Working with Students to Stop Bullying

Working with Students to Stop Bullying

Bullying behaviors go on under our radar. Children report far higher levels of bullying in their classrooms than their teachers do. They see it when we don’t. It happens while we’re helping a student, glancing at plans for the next lesson, or answering a call from the office. We turn our backs or walk across the room, and that’s when the pokes, mean words, or exclusion take place. I wrote earlier about partnering with parents to stop bullying in school. We also need to enlist students in order to make school safe for everyone.

Recently I visited an elementary school in Maine that is taking an innovative and effective approach to building student investment in keeping their school safe, friendly, and inclusive. Walking down the hall, my attention was caught by a student-created bulletin board about how to include peers who are being left out. Photographs of students were embellished with thought bubbles with comments such as “Hmmm, I could ask him to play,” and “I wonder if she likes to jump rope?”

I was intrigued. I often see commercial posters in school hallways emblazoned with anti-bullying statements, and I wonder if anyone reads them. These student-created displays felt much more powerful to me, because they were created by admired older students in the school, and because they were written in the language of children. I wanted to know more.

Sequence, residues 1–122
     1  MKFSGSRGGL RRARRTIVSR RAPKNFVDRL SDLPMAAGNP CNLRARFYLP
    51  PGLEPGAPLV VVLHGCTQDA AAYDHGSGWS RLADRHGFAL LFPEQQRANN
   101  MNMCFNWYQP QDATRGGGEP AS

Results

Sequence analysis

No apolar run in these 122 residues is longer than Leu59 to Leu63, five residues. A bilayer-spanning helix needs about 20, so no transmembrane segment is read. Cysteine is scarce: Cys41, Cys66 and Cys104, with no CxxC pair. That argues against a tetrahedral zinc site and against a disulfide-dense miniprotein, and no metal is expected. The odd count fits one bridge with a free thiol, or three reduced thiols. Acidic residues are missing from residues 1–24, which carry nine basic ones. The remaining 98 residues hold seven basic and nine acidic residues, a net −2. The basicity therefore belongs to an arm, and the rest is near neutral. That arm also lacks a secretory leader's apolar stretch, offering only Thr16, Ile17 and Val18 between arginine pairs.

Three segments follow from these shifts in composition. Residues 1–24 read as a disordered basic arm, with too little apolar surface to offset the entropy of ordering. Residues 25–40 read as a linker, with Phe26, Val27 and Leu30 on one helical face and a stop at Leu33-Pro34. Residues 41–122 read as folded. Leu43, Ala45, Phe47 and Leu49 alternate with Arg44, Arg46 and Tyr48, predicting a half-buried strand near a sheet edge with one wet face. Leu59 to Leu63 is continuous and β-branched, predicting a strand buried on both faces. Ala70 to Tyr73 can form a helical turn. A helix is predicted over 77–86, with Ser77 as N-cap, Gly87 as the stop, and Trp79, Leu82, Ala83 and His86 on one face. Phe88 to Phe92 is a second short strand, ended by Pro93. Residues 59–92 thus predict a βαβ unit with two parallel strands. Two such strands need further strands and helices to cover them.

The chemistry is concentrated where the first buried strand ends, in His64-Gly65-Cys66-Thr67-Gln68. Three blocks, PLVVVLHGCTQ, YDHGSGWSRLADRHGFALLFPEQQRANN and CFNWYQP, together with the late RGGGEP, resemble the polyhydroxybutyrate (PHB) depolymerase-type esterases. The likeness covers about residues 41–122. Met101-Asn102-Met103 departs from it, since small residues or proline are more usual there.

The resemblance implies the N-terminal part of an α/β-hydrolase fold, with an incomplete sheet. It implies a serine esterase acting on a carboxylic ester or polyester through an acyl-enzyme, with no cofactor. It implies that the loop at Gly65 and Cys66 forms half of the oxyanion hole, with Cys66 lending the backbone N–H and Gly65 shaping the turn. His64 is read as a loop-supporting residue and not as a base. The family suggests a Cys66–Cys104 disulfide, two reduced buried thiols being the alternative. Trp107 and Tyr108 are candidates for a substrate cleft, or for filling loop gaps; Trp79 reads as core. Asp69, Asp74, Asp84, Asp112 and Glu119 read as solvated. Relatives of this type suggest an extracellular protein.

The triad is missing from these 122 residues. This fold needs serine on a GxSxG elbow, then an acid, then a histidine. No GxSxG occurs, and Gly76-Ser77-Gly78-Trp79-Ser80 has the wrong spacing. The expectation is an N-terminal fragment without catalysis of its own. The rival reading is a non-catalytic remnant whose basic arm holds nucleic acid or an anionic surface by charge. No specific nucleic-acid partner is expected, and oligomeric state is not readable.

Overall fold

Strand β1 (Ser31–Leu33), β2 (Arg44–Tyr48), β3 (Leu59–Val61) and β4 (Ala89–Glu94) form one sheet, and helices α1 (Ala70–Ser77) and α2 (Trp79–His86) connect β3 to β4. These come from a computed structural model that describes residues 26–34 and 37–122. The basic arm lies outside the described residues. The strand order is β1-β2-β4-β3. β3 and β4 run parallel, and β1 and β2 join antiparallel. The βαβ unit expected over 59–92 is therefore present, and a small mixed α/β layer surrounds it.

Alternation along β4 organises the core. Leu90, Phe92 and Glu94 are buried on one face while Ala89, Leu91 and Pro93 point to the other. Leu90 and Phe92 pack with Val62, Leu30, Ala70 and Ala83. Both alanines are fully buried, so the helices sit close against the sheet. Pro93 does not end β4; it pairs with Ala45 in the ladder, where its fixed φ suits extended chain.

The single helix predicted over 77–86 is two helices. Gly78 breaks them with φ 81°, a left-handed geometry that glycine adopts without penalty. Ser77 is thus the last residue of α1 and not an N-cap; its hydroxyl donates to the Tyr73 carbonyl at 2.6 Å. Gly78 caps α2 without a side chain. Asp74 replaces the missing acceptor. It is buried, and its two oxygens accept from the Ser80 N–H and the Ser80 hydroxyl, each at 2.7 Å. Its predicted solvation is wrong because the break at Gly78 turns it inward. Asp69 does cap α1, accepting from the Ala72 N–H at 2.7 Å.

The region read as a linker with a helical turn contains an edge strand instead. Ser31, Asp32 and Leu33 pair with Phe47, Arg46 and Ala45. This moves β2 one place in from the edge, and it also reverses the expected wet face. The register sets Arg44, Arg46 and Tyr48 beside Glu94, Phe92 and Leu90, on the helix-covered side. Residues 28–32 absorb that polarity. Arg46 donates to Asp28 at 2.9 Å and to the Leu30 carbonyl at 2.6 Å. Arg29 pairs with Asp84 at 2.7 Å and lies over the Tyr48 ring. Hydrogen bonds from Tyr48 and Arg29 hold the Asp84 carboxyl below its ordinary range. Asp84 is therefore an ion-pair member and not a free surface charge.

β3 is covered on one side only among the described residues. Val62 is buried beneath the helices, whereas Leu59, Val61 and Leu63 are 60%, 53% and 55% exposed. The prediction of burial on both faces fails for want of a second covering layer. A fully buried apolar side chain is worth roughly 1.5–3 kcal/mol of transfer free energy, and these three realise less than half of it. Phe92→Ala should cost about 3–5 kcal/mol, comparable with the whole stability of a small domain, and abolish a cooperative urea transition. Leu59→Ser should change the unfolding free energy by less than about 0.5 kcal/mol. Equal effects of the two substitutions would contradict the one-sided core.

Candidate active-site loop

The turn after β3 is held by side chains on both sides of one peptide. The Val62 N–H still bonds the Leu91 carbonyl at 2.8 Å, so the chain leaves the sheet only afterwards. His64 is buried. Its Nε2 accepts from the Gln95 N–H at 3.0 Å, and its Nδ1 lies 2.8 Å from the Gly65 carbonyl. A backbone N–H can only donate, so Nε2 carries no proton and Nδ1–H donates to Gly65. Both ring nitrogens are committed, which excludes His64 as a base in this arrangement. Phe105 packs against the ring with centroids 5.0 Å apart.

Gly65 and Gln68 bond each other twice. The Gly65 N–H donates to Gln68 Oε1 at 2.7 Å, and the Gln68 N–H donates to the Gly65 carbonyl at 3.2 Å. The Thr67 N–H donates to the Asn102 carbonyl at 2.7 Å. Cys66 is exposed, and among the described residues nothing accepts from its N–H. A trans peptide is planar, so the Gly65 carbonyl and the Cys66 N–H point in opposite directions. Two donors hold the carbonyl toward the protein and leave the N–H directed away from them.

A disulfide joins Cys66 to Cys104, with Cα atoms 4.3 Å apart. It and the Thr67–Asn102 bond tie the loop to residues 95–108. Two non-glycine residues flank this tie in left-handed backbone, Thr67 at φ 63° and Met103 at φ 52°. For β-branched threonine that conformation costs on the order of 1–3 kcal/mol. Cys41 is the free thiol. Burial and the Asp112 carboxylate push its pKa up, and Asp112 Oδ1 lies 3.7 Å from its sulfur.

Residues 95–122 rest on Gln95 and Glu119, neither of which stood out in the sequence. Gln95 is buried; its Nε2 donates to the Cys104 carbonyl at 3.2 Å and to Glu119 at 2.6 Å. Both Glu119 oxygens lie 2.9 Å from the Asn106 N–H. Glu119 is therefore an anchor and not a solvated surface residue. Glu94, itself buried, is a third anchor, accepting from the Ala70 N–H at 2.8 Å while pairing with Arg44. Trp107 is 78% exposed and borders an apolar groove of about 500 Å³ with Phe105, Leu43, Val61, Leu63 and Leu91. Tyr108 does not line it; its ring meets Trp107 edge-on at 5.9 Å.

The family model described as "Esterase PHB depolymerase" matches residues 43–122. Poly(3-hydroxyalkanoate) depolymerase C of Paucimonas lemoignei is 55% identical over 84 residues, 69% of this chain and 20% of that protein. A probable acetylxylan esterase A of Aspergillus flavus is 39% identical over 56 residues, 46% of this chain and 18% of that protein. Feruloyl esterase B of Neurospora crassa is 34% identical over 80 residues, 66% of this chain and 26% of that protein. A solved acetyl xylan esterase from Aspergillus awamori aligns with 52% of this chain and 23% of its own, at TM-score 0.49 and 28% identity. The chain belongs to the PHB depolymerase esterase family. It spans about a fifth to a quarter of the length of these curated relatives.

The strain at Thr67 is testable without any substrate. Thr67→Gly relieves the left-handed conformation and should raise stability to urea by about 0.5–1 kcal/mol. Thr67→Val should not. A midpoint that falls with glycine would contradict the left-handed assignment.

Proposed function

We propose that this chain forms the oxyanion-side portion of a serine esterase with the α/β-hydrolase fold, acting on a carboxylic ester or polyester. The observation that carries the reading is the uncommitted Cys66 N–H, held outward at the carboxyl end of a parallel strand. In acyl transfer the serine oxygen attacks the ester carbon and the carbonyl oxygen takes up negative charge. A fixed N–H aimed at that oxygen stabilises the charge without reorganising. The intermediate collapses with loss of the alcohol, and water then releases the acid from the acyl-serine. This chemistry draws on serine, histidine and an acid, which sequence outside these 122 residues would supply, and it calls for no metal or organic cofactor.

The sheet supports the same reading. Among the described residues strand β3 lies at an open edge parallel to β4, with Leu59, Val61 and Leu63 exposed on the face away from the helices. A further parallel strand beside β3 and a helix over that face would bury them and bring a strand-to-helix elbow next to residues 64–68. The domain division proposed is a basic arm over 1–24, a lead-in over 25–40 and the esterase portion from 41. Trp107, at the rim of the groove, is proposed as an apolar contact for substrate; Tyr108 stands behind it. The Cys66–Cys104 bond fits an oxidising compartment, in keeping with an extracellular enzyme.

I learned that the posters were created by the Bloomfield Elementary Civil Rights Team, which is a leadership opportunity for third and fourth grade students. Team members are recommended by teachers, and then the children apply for a place on the team by writing about changes they’d like to see in the school, with a focus on changes that would make the school safer and more friendly.

Civil Rights Team members study the laws of the state of Maine that ensure a safe environment for all students. They attend a statewide conference on school safety. They learn about the history of the civil rights movement in our country. With all of this knowledge under their belts, they go into the classrooms of younger children to read aloud stories that inspire respect and safety. They create the above-mentioned bulletin boards. They plan and implement school assemblies to teach friendliness, respect and inclusion. I’d love to be there and hear them sing “This School is Our School” at the conclusion of their next assembly!

This isn’t just happening at one school, either. More than 200 schools in Maine have Civil Rights Teams, including 11 elementary schools. (Read more about Maine’s statewide Civil Rights Team Program.) What about you? Have you tried ways to build student investment in creating a safe and friendly school? I’d love to hear about what’s been going on in your school.

Caltha Crowe is a Responsive Classroom consulting teacher with nearly forty years of experience teaching elementary school students and twenty years of experience mentoring new teachers. She is the author of three books: Sammy and His Behavior Problems, Solving Thorny Behavior Problems, and How to Bullyproof Your Classroom.

How to Bullyproof Your Classroom, offers a practical, proactive approach to bullying prevention. Learn how to create a positive classroom environment and how to respond to mean behavior before it escalates into bullying.

“Teacher-friendly from start to finish!”  —Martha Hanley, Grafton, MA


Tags: Building Schoolwide Community, Bullying